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New pastor who survived tornado preaches inaugural sermon in barn

MULHALL, Okla. (BP)–Troy Withey never expected to preach his first sermon as pastor of First Baptist Church, Mulhall, Okla., in a barn.
Neither did he expect to enter that makeshift pulpit with little more than the clothes on his back.
Withey’s home, the Baptist parsonage, was leveled when a May 3 tornado ravaged through the small community north of Guthrie. He and his wife, Trena, were in the process of moving their belongings from Coyle, Okla., where he had been pastor of First Baptist Church.
It was his first day on the job in Mulhall.
The church building was damaged in the fierce storm, but Withey thought services could be held there on Sunday until both the worship center and fellowship hall were condemned.
“This seemed like the best option,” said Teri Valega, who along with her husband, Jamie, own the barn three miles east of town where First Baptist worshipers met the Sunday after the tornado.
Nearly 100 people crowded into the red and white structure where chairs and a pulpit were set up. Average attendance the last few months has been around 50.
A CD in the Valega’s red F-350 pick-up out front provided the worship service’s prelude. Choir director Harold Richards led the congregation in singing “Blessed Assurance,” “It Is Well With My Soul” and “Trust and Obey.”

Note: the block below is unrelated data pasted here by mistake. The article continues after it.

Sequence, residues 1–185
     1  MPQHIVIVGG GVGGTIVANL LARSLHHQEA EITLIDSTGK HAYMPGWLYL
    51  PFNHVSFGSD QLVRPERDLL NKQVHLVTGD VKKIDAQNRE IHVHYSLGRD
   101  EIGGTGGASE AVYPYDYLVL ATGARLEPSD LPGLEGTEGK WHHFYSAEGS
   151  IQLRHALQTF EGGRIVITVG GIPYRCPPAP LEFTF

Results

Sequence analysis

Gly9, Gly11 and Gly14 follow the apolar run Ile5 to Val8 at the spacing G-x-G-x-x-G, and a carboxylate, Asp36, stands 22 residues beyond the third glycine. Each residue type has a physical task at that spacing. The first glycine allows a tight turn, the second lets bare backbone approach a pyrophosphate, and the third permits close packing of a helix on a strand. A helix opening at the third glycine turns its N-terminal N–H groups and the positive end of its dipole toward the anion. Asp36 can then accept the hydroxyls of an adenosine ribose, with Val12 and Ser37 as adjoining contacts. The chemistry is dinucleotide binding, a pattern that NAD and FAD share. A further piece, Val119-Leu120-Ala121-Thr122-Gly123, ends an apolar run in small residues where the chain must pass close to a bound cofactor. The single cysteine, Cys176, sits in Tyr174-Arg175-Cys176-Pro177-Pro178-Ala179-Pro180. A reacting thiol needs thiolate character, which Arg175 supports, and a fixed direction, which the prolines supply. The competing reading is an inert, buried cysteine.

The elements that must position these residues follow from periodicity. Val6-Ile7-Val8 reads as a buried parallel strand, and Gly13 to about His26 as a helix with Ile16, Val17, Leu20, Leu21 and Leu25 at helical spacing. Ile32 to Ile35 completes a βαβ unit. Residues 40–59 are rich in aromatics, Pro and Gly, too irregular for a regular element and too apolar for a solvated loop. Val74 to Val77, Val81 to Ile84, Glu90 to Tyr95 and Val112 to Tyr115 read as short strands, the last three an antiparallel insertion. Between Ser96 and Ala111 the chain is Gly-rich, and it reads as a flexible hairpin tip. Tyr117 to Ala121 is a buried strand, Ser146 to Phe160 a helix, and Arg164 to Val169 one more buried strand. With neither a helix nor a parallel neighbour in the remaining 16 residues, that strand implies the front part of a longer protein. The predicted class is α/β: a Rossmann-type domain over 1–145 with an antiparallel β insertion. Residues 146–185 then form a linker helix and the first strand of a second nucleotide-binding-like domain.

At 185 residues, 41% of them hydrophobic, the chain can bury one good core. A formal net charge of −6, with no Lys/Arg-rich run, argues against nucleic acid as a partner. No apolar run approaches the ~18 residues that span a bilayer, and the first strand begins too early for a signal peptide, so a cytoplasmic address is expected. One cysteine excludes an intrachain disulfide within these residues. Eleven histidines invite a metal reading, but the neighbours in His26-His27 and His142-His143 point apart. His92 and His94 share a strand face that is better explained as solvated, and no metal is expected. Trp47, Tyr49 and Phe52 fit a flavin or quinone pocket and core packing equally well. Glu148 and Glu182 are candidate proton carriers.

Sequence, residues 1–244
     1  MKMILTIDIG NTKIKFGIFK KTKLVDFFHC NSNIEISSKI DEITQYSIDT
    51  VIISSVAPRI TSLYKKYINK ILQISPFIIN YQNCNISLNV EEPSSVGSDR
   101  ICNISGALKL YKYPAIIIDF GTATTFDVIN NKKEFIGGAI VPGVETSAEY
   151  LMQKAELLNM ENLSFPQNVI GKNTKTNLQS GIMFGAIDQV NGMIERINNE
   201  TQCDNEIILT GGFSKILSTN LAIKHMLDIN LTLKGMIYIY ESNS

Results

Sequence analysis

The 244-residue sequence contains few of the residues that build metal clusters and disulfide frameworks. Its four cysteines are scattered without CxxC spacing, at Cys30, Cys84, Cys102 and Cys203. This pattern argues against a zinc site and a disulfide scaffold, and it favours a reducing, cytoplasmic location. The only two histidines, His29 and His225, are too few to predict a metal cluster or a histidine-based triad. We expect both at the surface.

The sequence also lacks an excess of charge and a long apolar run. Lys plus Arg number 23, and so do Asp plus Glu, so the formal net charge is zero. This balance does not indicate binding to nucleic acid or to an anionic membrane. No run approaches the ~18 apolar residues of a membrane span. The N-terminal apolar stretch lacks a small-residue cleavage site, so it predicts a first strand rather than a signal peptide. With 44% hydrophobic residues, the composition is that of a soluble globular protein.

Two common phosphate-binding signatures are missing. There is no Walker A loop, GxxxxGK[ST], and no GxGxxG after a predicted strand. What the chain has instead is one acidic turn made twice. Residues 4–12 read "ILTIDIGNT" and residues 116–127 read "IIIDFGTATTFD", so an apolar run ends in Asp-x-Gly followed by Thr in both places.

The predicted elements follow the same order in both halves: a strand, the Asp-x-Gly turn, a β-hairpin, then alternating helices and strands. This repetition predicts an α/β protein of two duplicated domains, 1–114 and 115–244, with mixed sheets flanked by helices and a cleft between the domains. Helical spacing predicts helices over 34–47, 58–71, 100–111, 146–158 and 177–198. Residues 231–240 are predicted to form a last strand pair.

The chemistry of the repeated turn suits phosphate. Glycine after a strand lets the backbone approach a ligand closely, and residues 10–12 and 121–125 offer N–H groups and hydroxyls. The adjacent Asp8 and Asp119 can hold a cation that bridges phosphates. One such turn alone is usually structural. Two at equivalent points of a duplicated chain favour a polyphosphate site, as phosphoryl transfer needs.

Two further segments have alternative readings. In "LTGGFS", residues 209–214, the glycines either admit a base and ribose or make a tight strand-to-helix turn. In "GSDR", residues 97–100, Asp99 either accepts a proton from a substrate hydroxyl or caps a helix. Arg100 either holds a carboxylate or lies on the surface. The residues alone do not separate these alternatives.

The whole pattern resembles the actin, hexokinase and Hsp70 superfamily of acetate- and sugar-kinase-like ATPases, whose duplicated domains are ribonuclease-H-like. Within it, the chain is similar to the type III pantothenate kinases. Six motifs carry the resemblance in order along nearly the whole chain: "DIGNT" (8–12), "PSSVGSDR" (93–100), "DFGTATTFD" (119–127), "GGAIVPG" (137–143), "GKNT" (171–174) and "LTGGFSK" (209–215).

Withey said he was going to preach a Mother’s Day sermon, because that’s the “only thing that’s normal in our lives today.”
However, while preaching on the text from 2 Timothy 1-7, Withey couldn’t help referring to the tragedy that hit the town less than a week before.
“You can look at your house being gone, but you have a firm foundation in Jesus Christ,” Withey said. “Christians are not immune to disaster. The storm is not going to take the house of our neighbor, who is not a Christian, and leave ours. The Bible says Christians will face trials and tribulations.”
Back to mothering, Withey, the father of two young sons, said parents have bought Satan’s lie that “we should give our children stuff, but not time.”
Back to the tornado, Withey added “what our children need is time. We can have things, and in one swift wind, they are gone. But God’s things remain. What you invest in heaven will be there.”
Withey said, “Every time Oklahoma suffers a catastrophe, we pull together. We have Bible roots, but it’s time to start watering them.”
Following the 40-minute service which got started 10 minutes late, flowers were given to all the mothers in the congregation, which included several visitors including Withey’s parents from Lavida, Colo., and at least 10 people from the media.
Withey announced there would be no evening services that night, and the congregation would continue to meet in the barn until further notice. He said plans were to put a mobile home on the property for him and his family to live in until the parsonage can be rebuilt.
“We’re more sure of our call to Mulhall than we’ve ever been,” Withey said. “We’re in a barn in the middle of a field, but Jesus is just a breath away.
“This is almost heaven; it doesn’t get any better than this. We’ve been together just a week, but it seems like a lifetime.”

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  • Dana Williamson